Exactly. Hard to imagine any scenario where it would provide an advantage except maybe in a parking lot to attract the attention of curious mountain bikers.
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Old 05-28-21, 05:19 PM
  #9  
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And you thought disc rotors were dangerous.
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Old 05-28-21, 05:51 PM
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Originally Posted by ClydeClydeson View Post
I used to think 2wd bikes would be great for off-road use, but have since reconsidered. The drawback as I see it would be that a front wheel that is driving the bike forward is using up traction that would be used for steering and balance. If you run out of traction for steering, generally, you fall.

Further, with all the off-road biking experience I have had, I cannot think of a scenario where I needed 2wd - generally for climbing steep hills the front wheel is almost completely unweighted so can offer little help in driving forward. Trying to get over stumps or other large obstacles wouldn't be any better either, as the limiting factor is usually the pedal or chainring hitting the obstacle, and if you aren't turning the pedals then neither wheel is driving forward. In fact, most maneuvers to get over obstacles start with unweighting your front tire, making a front drive tire useless.

I could be wrong, but 2wd systems have been around for a couple decades (I saw one style in a magazine in at least the early nineties) and many cyclists are confirmed 'early adopters' of new technology, so if there was an advantage I would have seen at least a couple people riding 2wd bikes over the years - maybe only trials riders or hardcore technical singletrack riders, but someone would be using it. However, to date I have seen ZERO people riding 2wd bikes irl - only in magazine articles.
I agree. Maybe riding on loose sand could be a valid application, but who wants to ride on that stuff anyway?

For road use it would be a complete waste of time, while adding both weight and friction to the drivetrain.
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Old 05-28-21, 06:01 PM
  #11  
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Originally Posted by ClydeClydeson View Post
I used to think 2wd bikes would be great for off-road use, but have since reconsidered. The drawback as I see it would be that a front wheel that is driving the bike forward is using up traction that would be used for steering and balance. If you run out of traction for steering, generally, you fall.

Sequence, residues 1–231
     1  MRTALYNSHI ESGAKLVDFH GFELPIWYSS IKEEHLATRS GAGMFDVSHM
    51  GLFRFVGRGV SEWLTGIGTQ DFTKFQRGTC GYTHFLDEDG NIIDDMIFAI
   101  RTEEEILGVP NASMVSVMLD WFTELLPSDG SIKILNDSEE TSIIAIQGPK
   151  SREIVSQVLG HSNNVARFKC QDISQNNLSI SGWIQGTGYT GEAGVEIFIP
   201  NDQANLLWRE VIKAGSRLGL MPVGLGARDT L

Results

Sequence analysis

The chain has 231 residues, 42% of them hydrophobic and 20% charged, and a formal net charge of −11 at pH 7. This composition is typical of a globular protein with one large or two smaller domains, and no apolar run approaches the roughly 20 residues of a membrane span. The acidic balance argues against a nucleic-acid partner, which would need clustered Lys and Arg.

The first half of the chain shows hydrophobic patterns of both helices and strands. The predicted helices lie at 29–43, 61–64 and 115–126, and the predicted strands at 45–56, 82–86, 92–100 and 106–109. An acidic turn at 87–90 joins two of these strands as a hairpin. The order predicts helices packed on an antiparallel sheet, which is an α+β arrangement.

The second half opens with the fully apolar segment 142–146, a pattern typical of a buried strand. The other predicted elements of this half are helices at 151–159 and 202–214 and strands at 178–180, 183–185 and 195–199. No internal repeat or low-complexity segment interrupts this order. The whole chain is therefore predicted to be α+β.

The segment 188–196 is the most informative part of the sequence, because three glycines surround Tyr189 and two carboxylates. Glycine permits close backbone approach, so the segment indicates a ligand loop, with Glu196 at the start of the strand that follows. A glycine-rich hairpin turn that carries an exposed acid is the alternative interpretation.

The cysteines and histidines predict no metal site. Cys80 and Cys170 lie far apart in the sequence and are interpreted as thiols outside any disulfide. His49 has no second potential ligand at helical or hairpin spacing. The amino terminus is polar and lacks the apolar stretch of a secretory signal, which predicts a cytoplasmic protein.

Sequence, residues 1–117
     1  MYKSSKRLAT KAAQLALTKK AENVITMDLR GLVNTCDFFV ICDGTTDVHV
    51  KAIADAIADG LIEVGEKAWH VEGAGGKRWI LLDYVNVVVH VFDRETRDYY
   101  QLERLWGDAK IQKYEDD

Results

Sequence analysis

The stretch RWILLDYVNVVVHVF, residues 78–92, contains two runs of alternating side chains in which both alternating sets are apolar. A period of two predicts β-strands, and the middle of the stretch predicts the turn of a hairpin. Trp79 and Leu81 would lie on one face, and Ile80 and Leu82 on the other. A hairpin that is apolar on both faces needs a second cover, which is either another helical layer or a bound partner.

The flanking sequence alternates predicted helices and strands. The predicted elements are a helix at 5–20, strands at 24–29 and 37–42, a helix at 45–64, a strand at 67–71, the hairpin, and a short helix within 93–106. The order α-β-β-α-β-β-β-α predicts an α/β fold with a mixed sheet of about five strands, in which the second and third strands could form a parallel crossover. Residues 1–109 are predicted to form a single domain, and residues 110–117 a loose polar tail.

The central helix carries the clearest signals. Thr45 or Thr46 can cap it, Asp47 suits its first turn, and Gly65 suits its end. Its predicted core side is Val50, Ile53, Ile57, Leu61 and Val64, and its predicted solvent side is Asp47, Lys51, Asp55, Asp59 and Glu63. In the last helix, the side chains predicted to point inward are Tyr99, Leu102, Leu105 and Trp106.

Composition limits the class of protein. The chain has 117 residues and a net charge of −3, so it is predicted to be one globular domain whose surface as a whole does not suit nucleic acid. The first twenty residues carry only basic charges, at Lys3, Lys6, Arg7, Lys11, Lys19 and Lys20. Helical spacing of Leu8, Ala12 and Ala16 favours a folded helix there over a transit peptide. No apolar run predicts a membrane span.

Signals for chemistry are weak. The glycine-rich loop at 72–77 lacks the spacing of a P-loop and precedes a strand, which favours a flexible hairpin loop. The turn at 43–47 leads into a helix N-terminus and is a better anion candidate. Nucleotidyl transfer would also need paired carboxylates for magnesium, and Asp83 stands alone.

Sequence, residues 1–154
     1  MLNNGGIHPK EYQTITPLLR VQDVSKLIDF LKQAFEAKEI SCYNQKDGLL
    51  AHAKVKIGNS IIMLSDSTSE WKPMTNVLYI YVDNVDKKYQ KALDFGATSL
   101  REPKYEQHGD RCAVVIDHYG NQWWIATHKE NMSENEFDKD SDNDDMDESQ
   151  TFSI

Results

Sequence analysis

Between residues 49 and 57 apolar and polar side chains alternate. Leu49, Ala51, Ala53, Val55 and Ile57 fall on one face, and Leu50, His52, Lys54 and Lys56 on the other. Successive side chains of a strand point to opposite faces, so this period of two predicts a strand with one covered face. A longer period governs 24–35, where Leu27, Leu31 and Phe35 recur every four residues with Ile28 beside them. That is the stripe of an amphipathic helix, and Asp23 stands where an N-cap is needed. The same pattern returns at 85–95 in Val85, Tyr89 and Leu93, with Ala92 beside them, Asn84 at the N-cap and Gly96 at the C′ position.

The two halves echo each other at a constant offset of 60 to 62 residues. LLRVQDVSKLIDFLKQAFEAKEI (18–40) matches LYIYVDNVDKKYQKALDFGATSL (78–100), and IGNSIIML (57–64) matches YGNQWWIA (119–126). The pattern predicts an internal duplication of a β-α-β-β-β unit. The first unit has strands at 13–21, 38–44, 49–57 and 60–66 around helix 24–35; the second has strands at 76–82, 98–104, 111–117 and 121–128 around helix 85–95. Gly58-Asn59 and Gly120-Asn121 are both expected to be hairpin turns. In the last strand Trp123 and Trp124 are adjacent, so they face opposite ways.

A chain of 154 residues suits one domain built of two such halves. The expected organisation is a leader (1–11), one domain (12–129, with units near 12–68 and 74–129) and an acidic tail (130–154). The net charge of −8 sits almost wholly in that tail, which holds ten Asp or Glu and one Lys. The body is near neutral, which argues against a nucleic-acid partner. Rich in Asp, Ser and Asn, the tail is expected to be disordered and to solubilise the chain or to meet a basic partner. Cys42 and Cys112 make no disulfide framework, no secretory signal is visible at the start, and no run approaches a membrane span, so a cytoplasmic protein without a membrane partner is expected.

Further, with all the off-road biking experience I have had, I cannot think of a scenario where I needed 2wd - generally for climbing steep hills the front wheel is almost completely unweighted so can offer little help in driving forward.
I suspect with the awd the idea is that rather than unweighting the front to get more rear traction you can put more weight forward and the front will dig in. I've always hated the long climbs in which I end up having to choose between loss of traction or loss of steering as I have to put the weight to one wheel or the other. Maybe its more of a clydesdale issue but I could see where this would be useful. But I suspect the weight and parasitic drivetrain loss would make the ride feel sluggish.
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Old 05-29-21, 06:03 AM
  #12  
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Originally Posted by woodcraft View Post
I have many questions.
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Old 05-29-21, 06:46 AM
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Originally Posted by Greiselman View Post
I have many questions.
Where are those cables going?
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Old 05-29-21, 07:40 AM
  #14  
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If it did have a advantage in soft sand, are you just going to ride in soft sand all day? And the sand he's riding on in the video is not soft, you could ride any mtb on that.